|Title||Should We Regulate the Digital Economy?|
|Source||Asia-Pacific Economic Cooperation|
|Date||2018-11-09 PM 4:13:46||Hit||17|
“Many APEC economies have only begun to grapple with the complexities of digital economy regulation.”
Online platforms that are changing the business landscape and driving growth often play by a different rulebook.
In 1989, with the birth of the World Wide Web, the internet began its growth into a global communication network where businesses can find new markets.
More and more, consumers and entrepreneurs all over the Asia-Pacific are doing business online. There are cities in the region where you can get by without cash—just a connected mobile device is needed to make transactions, fueling the digital economy.
For the most part, this is something to celebrate. Digital technology is a potential tool for achieving inclusivity. It offers small-scale entrepreneurs, for example, a chance to reach larger audiences and easy access to essential information, giving them a fighting chance against larger corporations.
But in some cases, the opposite is also happening: Compared to traditional brick and mortar businesses that are subject to laws on taxation or quality control, online businesses operate in a regulatory vacuum, giving many of them advantages over their traditional counterparts. This has led policymakers to ask whether they should, or if they even can, regulate internet-based business.
In particular, the exponential growth of online applications in two areas—short-term property rentals and ride sharing—have led to calls for greater scrutiny and regulation. However, regulatory models designed for traditional hotel and apartment operators, for instance, might not be appropriate for their counterparts in the online sharing economy.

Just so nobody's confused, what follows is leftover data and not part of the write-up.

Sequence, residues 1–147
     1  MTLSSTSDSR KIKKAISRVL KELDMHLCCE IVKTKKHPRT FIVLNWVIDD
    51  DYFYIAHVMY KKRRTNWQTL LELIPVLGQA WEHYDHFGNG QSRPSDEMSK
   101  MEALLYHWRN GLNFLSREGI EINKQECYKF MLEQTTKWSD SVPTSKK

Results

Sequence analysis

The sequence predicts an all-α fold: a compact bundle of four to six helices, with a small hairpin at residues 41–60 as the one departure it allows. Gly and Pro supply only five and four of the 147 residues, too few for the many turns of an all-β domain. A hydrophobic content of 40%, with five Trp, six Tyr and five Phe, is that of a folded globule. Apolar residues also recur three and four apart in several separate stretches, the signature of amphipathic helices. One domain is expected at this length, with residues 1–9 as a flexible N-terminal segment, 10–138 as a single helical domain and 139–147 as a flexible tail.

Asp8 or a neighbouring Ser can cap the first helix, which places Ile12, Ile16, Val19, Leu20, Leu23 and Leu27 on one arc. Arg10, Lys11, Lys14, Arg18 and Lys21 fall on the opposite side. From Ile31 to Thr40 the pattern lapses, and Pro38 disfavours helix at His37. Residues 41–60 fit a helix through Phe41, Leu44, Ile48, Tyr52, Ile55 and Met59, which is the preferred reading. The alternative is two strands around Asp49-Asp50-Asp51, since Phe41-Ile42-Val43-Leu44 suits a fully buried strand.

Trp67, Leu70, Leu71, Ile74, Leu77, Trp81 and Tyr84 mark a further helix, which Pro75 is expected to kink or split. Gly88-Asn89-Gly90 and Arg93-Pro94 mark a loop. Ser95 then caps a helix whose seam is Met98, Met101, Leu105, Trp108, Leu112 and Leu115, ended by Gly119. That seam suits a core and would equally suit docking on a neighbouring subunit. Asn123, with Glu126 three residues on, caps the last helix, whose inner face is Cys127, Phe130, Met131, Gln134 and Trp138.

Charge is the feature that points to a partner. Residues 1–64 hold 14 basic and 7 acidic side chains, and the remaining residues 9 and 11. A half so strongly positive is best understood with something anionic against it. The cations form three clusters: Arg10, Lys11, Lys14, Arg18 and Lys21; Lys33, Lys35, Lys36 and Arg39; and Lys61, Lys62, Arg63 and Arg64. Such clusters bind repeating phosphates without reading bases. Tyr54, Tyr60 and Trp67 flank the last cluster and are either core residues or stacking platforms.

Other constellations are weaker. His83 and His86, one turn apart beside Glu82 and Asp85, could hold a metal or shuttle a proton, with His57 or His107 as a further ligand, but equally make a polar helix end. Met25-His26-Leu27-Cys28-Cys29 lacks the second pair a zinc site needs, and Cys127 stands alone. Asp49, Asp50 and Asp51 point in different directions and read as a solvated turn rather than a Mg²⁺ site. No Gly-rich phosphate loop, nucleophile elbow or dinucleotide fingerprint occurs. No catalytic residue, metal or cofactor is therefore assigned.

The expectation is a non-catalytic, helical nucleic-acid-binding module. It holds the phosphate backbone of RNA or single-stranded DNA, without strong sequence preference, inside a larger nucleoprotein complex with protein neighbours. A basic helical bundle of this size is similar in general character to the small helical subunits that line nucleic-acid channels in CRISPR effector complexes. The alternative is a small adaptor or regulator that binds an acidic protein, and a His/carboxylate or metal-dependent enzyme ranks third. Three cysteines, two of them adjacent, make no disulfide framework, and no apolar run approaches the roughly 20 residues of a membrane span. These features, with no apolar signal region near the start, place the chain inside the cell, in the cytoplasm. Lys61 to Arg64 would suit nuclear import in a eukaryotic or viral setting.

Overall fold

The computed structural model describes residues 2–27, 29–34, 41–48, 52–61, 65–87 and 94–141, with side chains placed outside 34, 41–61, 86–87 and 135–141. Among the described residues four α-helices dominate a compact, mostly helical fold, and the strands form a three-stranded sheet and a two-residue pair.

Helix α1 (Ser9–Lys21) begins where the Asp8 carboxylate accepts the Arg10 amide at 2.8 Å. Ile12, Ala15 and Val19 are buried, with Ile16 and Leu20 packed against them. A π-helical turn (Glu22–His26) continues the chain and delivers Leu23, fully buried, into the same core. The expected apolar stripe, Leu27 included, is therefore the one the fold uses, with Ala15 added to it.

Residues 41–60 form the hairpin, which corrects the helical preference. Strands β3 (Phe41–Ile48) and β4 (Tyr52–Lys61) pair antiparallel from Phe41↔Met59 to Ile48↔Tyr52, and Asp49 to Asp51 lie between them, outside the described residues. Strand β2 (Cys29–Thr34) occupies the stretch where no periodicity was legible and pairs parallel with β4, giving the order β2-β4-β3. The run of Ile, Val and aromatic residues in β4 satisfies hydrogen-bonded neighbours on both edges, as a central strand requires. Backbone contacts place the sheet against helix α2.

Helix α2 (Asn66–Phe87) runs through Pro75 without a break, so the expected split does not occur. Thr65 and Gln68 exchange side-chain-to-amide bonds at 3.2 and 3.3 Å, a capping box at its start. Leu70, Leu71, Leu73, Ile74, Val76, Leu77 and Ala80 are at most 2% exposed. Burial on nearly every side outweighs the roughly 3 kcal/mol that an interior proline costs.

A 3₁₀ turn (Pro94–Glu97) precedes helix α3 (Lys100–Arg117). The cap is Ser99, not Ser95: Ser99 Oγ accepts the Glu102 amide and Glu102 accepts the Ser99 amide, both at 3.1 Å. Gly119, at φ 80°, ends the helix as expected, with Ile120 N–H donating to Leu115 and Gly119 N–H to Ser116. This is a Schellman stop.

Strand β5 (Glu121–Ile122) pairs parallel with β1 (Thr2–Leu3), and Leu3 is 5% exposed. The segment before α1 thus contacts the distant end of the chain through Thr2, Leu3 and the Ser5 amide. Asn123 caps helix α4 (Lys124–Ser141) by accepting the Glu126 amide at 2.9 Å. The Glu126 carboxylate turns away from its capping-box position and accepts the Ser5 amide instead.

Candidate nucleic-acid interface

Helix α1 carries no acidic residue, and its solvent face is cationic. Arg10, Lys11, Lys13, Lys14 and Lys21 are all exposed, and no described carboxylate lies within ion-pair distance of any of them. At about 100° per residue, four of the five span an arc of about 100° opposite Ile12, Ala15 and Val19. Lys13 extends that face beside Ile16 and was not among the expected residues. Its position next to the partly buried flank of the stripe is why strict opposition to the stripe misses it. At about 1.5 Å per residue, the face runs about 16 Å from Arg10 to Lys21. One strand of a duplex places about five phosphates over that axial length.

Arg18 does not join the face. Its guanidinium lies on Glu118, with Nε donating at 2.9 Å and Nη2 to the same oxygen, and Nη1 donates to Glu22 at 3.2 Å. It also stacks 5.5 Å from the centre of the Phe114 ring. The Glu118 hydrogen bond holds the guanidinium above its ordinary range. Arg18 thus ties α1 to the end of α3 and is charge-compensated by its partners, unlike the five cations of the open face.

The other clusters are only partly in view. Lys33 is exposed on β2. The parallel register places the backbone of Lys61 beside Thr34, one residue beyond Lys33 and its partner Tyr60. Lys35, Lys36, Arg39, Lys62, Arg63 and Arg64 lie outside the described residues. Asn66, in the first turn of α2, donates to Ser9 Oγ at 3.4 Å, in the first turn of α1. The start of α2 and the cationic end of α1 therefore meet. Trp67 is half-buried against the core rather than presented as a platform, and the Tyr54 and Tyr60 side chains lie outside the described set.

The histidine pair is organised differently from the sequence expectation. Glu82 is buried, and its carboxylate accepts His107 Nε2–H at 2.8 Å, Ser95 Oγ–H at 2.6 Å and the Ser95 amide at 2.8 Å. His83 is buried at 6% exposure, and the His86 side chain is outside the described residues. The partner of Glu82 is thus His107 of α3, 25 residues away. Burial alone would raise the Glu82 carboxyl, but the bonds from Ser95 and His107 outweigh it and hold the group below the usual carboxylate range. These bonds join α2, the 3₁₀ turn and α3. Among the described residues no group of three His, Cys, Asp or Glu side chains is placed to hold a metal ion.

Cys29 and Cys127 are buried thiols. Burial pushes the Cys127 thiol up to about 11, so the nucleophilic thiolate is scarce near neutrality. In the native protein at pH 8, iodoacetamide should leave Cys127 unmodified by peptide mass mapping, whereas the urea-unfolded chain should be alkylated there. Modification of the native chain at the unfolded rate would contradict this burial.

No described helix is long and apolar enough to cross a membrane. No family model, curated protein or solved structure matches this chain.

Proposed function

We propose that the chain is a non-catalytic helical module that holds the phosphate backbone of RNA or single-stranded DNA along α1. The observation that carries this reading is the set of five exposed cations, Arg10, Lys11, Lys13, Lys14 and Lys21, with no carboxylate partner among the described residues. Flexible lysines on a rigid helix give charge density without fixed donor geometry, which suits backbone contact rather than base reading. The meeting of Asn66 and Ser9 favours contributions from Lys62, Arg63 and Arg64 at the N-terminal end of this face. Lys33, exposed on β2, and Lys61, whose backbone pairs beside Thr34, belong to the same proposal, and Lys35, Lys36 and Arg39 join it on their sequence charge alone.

APEC is addressing such challenges by encouraging its members to exchange policies and best practices on how to regulate the internet and the digital economy.
In 2018 APEC officials convened in Port Moresby, Papua New Guinea, for a conference on good regulatory practices organized by Mexico’s National Commission of Better Regulation.
Nuraslina Zainal Abidin of Innovation Associates Consulting, a Malaysia-based firm: “We want to see whether the interest to regulate is to protect the citizen, to promote competition, or to look at external factors.”
“This annual conference has helped APEC economies line up their regulatory systems so it is less frustrating for cross-border business,” said Robert Logie, Chair of APEC’s Economic Committee. “This year, we tackled the many challenges involved in regulating the fast-paced digital economy, including overlapping authority of the responsible agencies.
“Many APEC economies have only begun to grapple with the complexities of digital economy regulation,” Logie said. “Traditional policy-making cycles can span anywhere from five to ten years—a snail’s pace compared to the potential speed of a digital startup, which can develop into a company with a global market reach in a matter of months and carve out a cross-border empire in just a few years.”
Ride-hailing and ride-sharing services like Uber, Grab and Go-Jek have a reported market size of USD20.4 billion in 2016–2017 in Southeast Asia alone. The worldwide number of participating car drivers (this excludes motorbikes, which are popular in many congested cities) has likely exceeded 1 million. The growth of these services has been met with concerns in a number of jurisdictions about passenger safety as well as labor standards for drivers.
The number of online bookings for short-term rentals have grown at an even faster rate: from more than 21,000 arrivals in 2009 to over 80 million recorded in 2016. These digital accommodation lessors have some advantages over their traditional counterparts, such as hotels, which must apply for permits to operate, make income tax payments, and adhere to fire and safety laws.